Polenta and Elderflower Cookies

Every now and then along comes a recipe that you may have glanced at, skimmed through, perhaps even mentally bookmarked, but between one thing and another maybe you’ve never found the time, the inspiration or the energy to actually make it. Maybe you’ve even forgotten about it. And then one day you remember it, you’re in the mood for it or something else spurs you on. You go out and look for the ingredients or realise you have them on hand and before long, you’re in the midst of making it, dirtying hands, bowls and kitchen counter as you go. Then finally there’s that telling moment, that moment of truth, where you bite into that creation that almost never was and you think, where have you been all my life?

Well this, for me, is one of those recipes. It’s from Artusi‘s 1891 cookbook, Science in the Kitchen and the Art of Eating Well, and is one that easily escapes the eye, firstly because in a book of 790 recipes, there’s a lot of competition. Secondly, Artusi has given it the rather anonymous name of paste di farina gialla II, or yellow flour pastries II. The vague title of the recipe (‘yellow flour’ is rather sweet though), I think, is its downfall as it makes it too easy to skip over without reading the recipe first properly. It also comes after another polenta cookie recipe (you guessed it, paste di farina gialla I) that calls for lard and a touch of aniseed, not everyone’s current favourite cookie ingredients; ingredients that may not encourage you to read the second. And so, this recipe sat there, under my very eyes for about two years.

Then it just so happened that I was searching for polenta recipes, particularly baked goods (more on this soon but it’s also no secret that I have a profound love of polenta cakes). Only Artusi doesn’t call this wonderful ingredient polenta, but rather ‘farina gialla‘ (‘yellow flour’) in the titles or ‘farina di granturco‘ in the list of ingredients, which is tricky if one does not know that he means polenta. In English, the name of this slightly coarse ‘flour’ – or more a ‘meal’, really – made of stone ground (if you get a good one) dried corn, is just as confusing. In Australia, we call it polenta, in the US it’s often also known as cornmeal, it’s just not to be mistaken with corn flour, which is an entirely different product, a powdery, white wheat starch (also called corn starch in many British-influenced countries or maizena in Italian) used in cooking as a thickener.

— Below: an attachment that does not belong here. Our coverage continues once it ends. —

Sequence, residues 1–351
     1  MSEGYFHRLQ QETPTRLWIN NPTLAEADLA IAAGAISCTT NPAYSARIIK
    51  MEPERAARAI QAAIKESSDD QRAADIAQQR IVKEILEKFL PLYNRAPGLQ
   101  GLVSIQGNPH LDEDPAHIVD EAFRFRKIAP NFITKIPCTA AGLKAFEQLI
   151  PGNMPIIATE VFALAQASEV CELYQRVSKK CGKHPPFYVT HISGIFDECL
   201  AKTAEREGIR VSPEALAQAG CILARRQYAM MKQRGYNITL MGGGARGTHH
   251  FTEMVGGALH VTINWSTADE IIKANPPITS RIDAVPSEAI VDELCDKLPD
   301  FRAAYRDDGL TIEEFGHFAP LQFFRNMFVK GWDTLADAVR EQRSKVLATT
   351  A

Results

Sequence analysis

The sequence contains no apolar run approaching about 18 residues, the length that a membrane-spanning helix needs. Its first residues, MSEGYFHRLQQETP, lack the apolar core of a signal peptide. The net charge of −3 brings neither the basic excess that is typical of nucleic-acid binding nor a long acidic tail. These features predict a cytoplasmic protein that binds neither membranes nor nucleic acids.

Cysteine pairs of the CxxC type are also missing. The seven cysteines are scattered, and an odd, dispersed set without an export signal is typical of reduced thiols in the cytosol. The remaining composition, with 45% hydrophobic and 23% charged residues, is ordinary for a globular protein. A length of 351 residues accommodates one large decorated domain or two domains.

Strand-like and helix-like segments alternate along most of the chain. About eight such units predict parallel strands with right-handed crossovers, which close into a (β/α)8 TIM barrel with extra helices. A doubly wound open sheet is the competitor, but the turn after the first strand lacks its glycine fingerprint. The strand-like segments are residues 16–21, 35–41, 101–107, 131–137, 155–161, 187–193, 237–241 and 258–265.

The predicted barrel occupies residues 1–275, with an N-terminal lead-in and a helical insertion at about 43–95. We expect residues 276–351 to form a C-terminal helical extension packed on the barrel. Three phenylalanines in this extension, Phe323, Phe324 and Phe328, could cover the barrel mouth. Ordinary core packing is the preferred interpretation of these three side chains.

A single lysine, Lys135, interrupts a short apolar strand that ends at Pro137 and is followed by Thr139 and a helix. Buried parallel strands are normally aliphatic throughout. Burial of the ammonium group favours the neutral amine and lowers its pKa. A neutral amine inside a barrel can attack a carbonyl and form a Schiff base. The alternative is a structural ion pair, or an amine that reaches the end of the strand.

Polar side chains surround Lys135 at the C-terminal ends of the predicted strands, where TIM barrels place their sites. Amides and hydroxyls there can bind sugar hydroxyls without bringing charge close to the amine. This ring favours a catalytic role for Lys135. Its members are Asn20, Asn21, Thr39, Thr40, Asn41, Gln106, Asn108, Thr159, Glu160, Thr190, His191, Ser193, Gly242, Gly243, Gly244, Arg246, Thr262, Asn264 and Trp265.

The word ‘polenta’ itself is Italian and describes not only the ingredient but the cooked dish as well. In fact, one of the most beloved forms of polenta – softly cooked polenta like a thick, creamy porridge to cradle some heavenly wintry stew or ragu – is what gives this ingredient its name in the first place. It comes from the Latin, pulmentum, for gruel or porridge, a most common dish of ancient Rome. Ah, but the Ancient Romans did not even have corn, you may be thinking. Rightly so. Their ‘polenta’ was often made of millet, chestnut flour (in parts of Tuscany this is still a tradition, albeit a dying one), farro or chickpea flour. It was not until the introduction of corn from the Americas to the Italian peninsula in the High Renaissance of the sixteenth century that cornmeal mostly took the place of these other starches, becoming a basic staple of la cucina povera, particularly in northern Italy, where it has long played an important part of peasant food traditions.